Limitations & Future Work
works best on images that have a dominant plane, with a set of lines or patterns on it. It also works on multi-planar images but usually ends up rectifying one of the visible plane, as ‘angle regularity’ is a local constraint. One approach to customize this would be to apply some form of segmentation on the image, before running it through this add-on (as done by Zaheer et al.). Another approach could be to allow the user to select a particular area of the image, as the plane to be rectified.

About the Author
Haris Usmani is a grad student in the M.S. Music & Technology program at Carnegie Mellon University. He did his undergrad in Electrical Engineering from LUMS, Pakistan. In his senior year at LUMS, he worked at the CV Lab where he came across this publication.

Special Thanks To
Golan Levin
Aamer Zaheer
Muhammad Ahmed Riaz

Chanamon Ratanalert

14 May 2014

– this class is awesome, you should take it
– nothing is impossible/just try it regardless
– be proud of your projects

As my junior year draws to a close, I look upon my semester with disdain. Though not because I hated this semester, but rather I am saddened by its finish. I never would have thought that I could come so far in the three years I’ve been in college. I thought my “genius” in high school was my peak. I thought it was good enough—or as good as it was going to get. This course has brought that potential much higher—way beyond what I could have ever imagined I was capable of. And I don’t mean this in terms of intelligence. The experiences I’ve had in the past three years have brought my perseverance potential light years beyond what I could have had if I didn’t go to this school and push my way into this class’ roster.

What have I learned from this course you may ask? The main takeaway I received from this class that I’m sure was intentionally bludgeoned into all of us, was that whether or not something is impossible, you should just try it. The possibility of achieving your goals, believe it or not, increases when you actually reach for them. This mentality has produced amazing projects from the course’s students that I could never have thought to witness right before my eyes. I always felt that those amazing tech or design projects I saw online were like celebrities: you knew they grew from regular people, but you never thought you’d see one in the same room as you.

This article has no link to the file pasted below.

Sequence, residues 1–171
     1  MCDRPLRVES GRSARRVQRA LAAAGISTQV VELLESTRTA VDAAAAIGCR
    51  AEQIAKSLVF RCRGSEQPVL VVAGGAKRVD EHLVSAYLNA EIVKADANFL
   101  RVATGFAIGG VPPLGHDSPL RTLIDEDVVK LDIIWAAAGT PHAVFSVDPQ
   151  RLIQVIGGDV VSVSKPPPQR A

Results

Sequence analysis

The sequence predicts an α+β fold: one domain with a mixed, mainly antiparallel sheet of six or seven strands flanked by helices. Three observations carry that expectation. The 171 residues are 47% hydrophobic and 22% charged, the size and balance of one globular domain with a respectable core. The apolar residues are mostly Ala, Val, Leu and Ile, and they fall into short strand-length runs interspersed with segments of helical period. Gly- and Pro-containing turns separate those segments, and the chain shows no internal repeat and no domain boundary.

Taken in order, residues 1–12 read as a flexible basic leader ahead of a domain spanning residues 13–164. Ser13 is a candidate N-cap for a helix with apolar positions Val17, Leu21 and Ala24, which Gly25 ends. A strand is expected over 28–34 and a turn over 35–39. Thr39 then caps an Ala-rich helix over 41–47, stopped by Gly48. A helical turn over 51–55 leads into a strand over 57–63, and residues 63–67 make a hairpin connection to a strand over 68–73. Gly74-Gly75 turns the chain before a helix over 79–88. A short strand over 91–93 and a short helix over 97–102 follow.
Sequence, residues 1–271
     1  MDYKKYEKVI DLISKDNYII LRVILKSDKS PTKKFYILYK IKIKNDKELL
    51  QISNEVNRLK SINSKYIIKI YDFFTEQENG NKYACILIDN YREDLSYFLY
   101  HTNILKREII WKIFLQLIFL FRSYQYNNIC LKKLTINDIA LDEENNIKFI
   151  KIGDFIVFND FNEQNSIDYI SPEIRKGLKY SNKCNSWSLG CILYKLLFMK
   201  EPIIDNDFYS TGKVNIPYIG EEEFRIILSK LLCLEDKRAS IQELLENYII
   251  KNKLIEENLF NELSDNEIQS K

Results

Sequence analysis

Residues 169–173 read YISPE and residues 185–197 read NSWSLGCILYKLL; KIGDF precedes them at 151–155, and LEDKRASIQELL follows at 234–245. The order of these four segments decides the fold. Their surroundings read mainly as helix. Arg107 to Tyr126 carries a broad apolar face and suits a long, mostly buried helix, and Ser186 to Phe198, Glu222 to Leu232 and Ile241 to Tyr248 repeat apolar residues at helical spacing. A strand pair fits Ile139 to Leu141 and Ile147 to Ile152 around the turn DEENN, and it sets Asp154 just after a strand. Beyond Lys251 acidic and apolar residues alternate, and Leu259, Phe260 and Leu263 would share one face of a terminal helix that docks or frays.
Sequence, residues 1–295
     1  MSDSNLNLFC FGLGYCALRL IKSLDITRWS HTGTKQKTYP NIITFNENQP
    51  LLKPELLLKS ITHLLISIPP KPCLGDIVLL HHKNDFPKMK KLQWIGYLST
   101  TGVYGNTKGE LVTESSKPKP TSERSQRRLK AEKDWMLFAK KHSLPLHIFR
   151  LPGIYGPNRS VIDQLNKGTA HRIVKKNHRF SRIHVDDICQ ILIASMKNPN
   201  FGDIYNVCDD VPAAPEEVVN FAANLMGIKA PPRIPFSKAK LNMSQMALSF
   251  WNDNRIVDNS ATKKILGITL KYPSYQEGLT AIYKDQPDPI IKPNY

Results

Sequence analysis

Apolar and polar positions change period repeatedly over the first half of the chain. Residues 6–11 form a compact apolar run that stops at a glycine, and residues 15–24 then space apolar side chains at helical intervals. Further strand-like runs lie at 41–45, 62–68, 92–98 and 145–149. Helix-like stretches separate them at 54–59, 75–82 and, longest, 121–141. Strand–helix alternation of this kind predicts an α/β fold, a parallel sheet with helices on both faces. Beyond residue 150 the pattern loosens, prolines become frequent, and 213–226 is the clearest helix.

I will also forever take with me the idea that how you talk about your project is just as important as the project itself. This seems obvious and you’d think that you’ve talked up a project enough, but, as it can be seen with some of my peers’ projects this semester: the right documentation and public potential you give your project can make a world of difference.  How you present a project will determine how it will be perceived. That self-deprecating thing that most people do when they talk about themselves to garner “oh psh, you’re great”s and “what are you talking about, it’s wonderful”s doesn’t work too well for most projects. Looking down upon your own project will make others look down upon it too, and not see it for what it is at that moment. Sure, often times your project might actually stink, but you don’t want others to know that.

You also have to be careful about how much you reveal about your project. You may think that the technical aspects of how many programs are running in the backend or how many wires you needed to solder together is interesting, but it’s really not. If someone looking at your project cares in that much detail, they’ll ask. You have to present your project for what it is at the moment someone sees it, not what it was a couple hours ago while you were booting it up. It’ll be important to say how you created the project (especially if it was in a new and interesting way), but the extra details might be better off left out. But I digress.

I value this course in more ways than I can describe. Let’s just say that I’m very thankful to have been scrolling through CMU’s schedule of classes on the day just before Golan picked his students. Luck could not have been more on my side. Of course, after the class started, luck was no longer a factor—just hard work. And I’m glad to have needed to put in all that hard work this semester. Without it, I would not have realized what great potential there is inside of me and inside of everyone, for that matter. You always feel like there’s a limit within you so when you think you’ve hit it, you never dare to push past it in fear of breaking. This course has annihilated that fear because I’ve realized that the limit only exists within our minds. Okay, maybe I’m getting a little carried away here, but even so, limitless or not, if there is anything you want to try, just try it.

Chanamon Ratanalert

14 May 2014


Tweet: Tilt, shake, and discover environments with PlayPlanet, an interactive app for the iPad

PlayPlanet is a web (Chrome) application made for the iPad designed for users to interact with it in ways other than the traditional touch method. PlayPlanet has a variety of interactive environments from which users can choose to explore. Users tilt and shake the iPad to discover reactions in each biome. The app was created such that the user must trigger events in each biome themselves, unfolding the world around them through their own actions.